PVS0160 Equitation science, 4.0 Credits
Subjects Animal Science
No Level Indicated
Pass / Failed
The requirements for attaining different grades are described in the course assessment criteria which are contained in a supplement to the course syllabus. Current information on assessment criteria shall be made available at the start of the course.
Admitted to a postgraduate program or passed academic courses in, i.e., animal, equine, veterinary, agricultural, sports science, biology, veterinary nursing.
Equivalent knowledge obtained by other means, i.e. professional rider/coach, full‐time or part time employment in the horse sector.
By opening up for participants other than students with relevant academic qualifications, we will achieve a broader dissemination of knowledge and facilitate collaboration between academia and
After course completion, students shall be able to:
- describe the horses’ biological needs
- discuss and integrate an ethological approach to training and welfare assessment
- define and explain learning theory and apply it to training, accounting for the horses’ cognitive and sensory abilities
- define abnormal behaviour, reflect upon the development of unwanted behaviour and provide evidence‐based solutions to real life problems
- critically evaluate and explain the effects of management and human/rider on horse welfare
- objectively discuss, communicate, and implement an evidence‐based approach to humanhorse interactions
The course will be held during 5 days and will provide participants with scientific and practical tools with which they can validate human‐horse interactions to identify training methods that are ethical
and effective and highlight those that represent problems for horse welfare and human safety. To achieve this, lectures and seminars will cover topics such as equine ethology, perception and
communication, applied ethology, equine cognition and learning, applied learning theory, research methods in equitation science and communication of scientific findings to promote evidence based
The course consists of lectures (20 hours), group discussions (5 hours) and seminars (15 hours), a home assignment (70 hours) and a workshop (5 hours) where theoretical knowledge is put into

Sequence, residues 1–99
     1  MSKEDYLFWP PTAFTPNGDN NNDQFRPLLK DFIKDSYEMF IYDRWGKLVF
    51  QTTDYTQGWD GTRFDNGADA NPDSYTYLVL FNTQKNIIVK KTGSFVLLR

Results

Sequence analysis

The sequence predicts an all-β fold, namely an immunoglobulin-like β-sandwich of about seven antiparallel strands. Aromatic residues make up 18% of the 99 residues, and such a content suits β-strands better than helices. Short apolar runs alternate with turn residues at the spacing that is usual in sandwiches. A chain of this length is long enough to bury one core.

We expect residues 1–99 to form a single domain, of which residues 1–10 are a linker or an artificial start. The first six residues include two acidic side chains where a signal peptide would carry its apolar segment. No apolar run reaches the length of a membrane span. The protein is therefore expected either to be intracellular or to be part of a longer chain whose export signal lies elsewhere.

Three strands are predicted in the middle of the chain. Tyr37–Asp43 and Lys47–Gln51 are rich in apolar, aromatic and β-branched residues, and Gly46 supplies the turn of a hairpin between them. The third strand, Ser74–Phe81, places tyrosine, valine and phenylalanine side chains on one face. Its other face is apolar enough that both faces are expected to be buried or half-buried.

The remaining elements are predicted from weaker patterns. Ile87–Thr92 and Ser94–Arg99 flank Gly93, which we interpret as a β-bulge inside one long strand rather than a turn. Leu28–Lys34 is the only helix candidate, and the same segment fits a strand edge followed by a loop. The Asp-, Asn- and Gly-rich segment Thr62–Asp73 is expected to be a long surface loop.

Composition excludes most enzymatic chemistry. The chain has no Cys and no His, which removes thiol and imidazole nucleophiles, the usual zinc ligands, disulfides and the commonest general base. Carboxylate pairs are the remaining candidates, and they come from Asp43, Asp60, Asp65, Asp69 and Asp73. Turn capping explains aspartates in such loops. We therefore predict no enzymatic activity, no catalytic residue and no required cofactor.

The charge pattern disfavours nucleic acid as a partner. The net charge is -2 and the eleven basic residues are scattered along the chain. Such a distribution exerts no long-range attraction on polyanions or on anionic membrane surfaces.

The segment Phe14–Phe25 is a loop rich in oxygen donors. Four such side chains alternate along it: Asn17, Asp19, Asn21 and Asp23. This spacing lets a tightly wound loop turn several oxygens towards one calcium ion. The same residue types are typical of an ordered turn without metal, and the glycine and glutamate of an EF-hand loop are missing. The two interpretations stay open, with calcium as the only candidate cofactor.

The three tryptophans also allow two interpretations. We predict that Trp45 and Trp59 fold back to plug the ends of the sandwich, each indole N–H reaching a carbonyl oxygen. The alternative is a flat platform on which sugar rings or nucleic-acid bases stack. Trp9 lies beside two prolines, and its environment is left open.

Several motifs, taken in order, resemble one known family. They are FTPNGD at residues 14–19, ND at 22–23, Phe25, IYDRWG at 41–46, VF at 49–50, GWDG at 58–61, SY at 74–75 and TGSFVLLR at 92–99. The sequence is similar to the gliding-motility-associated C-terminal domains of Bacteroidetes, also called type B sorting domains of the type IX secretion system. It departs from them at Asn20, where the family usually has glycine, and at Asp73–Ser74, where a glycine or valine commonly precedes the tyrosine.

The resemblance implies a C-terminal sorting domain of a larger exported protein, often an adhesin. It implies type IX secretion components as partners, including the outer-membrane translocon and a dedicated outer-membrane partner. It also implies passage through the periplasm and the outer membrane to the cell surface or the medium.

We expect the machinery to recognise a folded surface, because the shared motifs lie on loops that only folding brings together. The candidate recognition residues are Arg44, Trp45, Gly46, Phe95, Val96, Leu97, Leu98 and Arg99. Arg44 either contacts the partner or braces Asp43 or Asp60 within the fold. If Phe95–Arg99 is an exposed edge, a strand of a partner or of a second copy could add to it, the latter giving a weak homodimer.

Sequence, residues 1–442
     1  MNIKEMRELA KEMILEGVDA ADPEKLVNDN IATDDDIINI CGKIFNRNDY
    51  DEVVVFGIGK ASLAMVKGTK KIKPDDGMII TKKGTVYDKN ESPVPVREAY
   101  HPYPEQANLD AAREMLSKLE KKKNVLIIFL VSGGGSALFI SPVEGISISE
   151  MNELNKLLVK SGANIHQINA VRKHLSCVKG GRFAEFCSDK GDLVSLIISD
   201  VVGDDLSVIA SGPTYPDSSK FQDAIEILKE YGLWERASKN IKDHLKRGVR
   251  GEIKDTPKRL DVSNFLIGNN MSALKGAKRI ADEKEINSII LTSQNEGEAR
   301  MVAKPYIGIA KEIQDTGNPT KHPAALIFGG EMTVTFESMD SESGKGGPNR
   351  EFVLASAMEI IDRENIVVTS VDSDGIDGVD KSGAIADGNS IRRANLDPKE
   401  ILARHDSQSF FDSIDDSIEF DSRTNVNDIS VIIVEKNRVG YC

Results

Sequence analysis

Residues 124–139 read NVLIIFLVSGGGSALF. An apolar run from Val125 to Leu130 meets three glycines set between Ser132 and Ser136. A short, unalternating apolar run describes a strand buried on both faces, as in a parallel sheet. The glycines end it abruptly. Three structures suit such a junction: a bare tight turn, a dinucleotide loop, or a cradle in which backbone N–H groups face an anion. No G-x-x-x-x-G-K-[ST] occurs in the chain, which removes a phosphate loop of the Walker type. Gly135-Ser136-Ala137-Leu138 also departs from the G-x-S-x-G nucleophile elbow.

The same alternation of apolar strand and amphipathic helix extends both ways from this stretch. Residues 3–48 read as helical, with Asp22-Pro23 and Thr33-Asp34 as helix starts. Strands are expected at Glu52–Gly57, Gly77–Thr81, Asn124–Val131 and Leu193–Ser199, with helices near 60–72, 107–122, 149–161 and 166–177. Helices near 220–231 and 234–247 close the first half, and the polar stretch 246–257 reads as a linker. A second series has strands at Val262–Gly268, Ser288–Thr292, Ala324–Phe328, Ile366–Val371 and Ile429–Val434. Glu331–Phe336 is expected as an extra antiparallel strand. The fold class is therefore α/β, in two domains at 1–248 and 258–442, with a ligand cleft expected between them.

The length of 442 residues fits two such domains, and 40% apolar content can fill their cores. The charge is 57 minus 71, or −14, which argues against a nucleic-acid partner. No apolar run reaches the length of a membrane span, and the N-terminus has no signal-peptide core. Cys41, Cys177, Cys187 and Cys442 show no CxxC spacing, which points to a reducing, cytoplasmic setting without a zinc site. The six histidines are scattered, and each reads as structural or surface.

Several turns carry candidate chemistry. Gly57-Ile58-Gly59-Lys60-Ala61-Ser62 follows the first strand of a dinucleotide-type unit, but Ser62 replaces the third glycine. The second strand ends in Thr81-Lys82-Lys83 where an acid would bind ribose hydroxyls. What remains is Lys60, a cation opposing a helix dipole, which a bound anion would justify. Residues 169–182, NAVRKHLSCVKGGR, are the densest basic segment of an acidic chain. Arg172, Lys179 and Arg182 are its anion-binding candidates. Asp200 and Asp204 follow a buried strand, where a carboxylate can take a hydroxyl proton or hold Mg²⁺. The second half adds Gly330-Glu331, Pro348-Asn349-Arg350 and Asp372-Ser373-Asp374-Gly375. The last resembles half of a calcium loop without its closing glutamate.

action to bridge science with practice. Real case scenarios will be implemented throughout.
Formats and requirements for examination
Small‐scale literature review on a specific topic relevant to equitation science. Key results shall be presented orally. A popular article shall be written about the chosen topic and suggestions provided of how to implement results in practice. This will be further developed during
active group discussions during the course week and a written report shall be handed in after the course.
The course will be held at the National Equestrian Centre Strömsholm. Participation during the physical meeting in Strömsholm is obligatory to promote active learning and engage PhD students in discussions and cooperation. Pre‐ and post‐assignments are also obligatory and supervision/guidance will be provided by the main teachers of the course.
Course leader: Dr Elke Hartmann, Swedish University of Agricultural Sciences (SLU, Dep Animal Environment and Health), co-organiser Dr Maria V Rørvang (SLU, Dep of Biosystems and Technology)
Contact: Elke Hartmann, firstname.lastname@example.org
Main teachers: Dr Elke Hartmann, Dr Maria V Rørvang, Ass Prof Janne Winther Christensen (Department of Animal Science, Aarhus University, Tjele, Denmark), Prof Paul McGreevy (University of Sydney, Sydney School of Veterinary Science)
Costs: No course fee applies for NOVA, non-NOVA or BOVA PhD students. Course fee of 450 Euros will be charged for all other participants, e.g. professional rider/coach, full-time or part time employment in the horse sector. Travel costs and costs for accommodation is not covered for any participant. Local accommodation at the course venue is available (Single room: from 57 to 76 Euros/night, double room from 115 Euros/night).
Department of Animal Environment and Health